There's a recession coming, they say. You ready to take it on?
I'm always conflicted when the experts start predicting an economic slowdown. What, I wonder, is my own duty? Am I to back off on my personal spending and commitments-which, if everybody did, would only add to the problems already afflicting us? Or do I go out and spend a little extra for a few weeks, patriotically juicing this incredibly complex financial animal they call "the economy"?
I couldn't help thinking about this odd dilemma because of three different beginning-of-the-year reminders:
1. The fourth-quarter reports I'm getting for my modest savings and investments aren't looking so good. Every single one of them indicates a southerly rather than a northerly direction. My friends tell me my experience isn't unusual. Q4 was a downer.
2. As many as a dozen families in the medium-sized church where I'm a member are starting the new year without jobs. All of them had been thriving on the housing boom. Now they are facing the harsh realities of the housing bust.
3. Polls (for whatever they are worth) say that the economy is now of greater concern to most Americans than either the war in Iraq or international terrorism.
In this context, I was talking-a little glumly-with a wise financial expert who had been a close friend and professional colleague of the late Larry Burkett. Burkett, through his books and his daily radio program, was probably the most listened-to financial guru ever in the evangelical Christian community.
The economy, my friend predicts, is likely to be OK (although volatile) until after the election next November. But then, he said, watch out-no matter which party wins the White House and/or Congress.
"Is this," I asked, "the coming economic earthquake that Larry Burkett predicted so boldly in his best-selling book in the very early '90s?"
"Yes," my friend said. "Only his timing was off. But everything that was fragile then is 10 times as fragile now."
But isn't timing everything? What good does it do to know that an earthquake is coming if all you're certain of is that its scheduled arrival is sometime in the future? And I couldn't help recalling a public debate Burkett and I had in 1999 about the liabilities confronting us then in the so-called Y2K crisis. Talk about specificity in predictions! There was one that either was going to come to pass-or not-at a very specific point on the calendar and even on the clock.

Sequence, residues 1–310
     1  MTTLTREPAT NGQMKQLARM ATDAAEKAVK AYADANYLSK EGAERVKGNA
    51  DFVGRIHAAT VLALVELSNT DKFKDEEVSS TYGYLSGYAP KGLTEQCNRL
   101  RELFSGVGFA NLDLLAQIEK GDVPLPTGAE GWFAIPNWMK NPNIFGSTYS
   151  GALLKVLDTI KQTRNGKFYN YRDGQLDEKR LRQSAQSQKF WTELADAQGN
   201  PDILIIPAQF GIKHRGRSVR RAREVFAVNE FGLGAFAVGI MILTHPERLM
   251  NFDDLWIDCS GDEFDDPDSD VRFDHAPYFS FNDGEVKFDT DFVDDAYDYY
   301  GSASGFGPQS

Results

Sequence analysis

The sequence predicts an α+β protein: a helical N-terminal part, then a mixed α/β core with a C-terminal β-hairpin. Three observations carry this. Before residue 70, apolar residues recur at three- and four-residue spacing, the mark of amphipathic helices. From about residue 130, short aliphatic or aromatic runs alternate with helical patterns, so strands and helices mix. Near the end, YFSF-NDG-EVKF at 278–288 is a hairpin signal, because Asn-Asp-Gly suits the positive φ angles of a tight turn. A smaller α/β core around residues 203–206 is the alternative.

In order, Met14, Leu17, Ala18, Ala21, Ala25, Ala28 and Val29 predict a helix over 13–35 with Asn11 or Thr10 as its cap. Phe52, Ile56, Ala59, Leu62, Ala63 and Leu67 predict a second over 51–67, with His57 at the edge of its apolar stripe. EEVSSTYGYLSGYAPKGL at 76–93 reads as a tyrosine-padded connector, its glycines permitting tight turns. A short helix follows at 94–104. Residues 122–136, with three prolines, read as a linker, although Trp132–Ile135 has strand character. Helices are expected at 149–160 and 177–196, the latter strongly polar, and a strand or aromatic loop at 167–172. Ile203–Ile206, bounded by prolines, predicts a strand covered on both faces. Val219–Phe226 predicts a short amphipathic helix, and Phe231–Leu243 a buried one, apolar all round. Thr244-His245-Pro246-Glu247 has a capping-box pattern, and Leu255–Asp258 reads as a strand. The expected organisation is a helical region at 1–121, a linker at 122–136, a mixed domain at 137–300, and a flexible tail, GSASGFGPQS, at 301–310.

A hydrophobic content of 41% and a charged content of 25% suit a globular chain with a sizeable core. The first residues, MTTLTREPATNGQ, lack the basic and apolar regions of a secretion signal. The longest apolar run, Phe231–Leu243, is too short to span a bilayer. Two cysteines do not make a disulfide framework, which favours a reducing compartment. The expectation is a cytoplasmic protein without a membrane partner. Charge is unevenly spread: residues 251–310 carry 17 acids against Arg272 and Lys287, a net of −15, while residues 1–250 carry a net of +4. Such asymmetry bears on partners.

Yet all this is not to diminish the memory of a man like Larry Burkett, but instead to laud it. It is appropriate-and maybe even necessary-to acknowledge that a prophet may have missed a relatively minor point or two just to enhance the essential nature of that person's central message.
So what was Larry Burkett's central message-and what relevance does it have for us in early 2008?
"Don't be a slave to debt!" If you were to ask 100 Burkett disciples what they had learned from this wise man, 99 of them would point quickly to his urgent advice: "Get out of debt!" His wisdom was simple to the point that some called him simplistic. But the message was liberatingly clear.
Even now, the overdue Burkett prediction of an economic earthquake may or may not come true. But individuals, families, businesses, churches, and other organizations that put an emphasis during 2008 on reducing their debt rather than extending it will be wonderfully stronger for the effort. That bigger house, that snazzier car, that more exotic vacation-if it has to be put on a credit card or a second mortgage-then Larry Burkett's counsel is as timely as if you heard him say it again on the radio this morning.
If the only thing that stimulates our national economy is the piling up of even more individual and corporate debt, then it's not just Larry Burkett's wisdom that we're ignoring. It's the age-old wisdom of the Bible itself. For such a society, in such a case, the experts won't be emphasizing that the Burkett schedule was off by 10 or 12 years. They'll be complaining instead that his term "earthquake" was way too mild.
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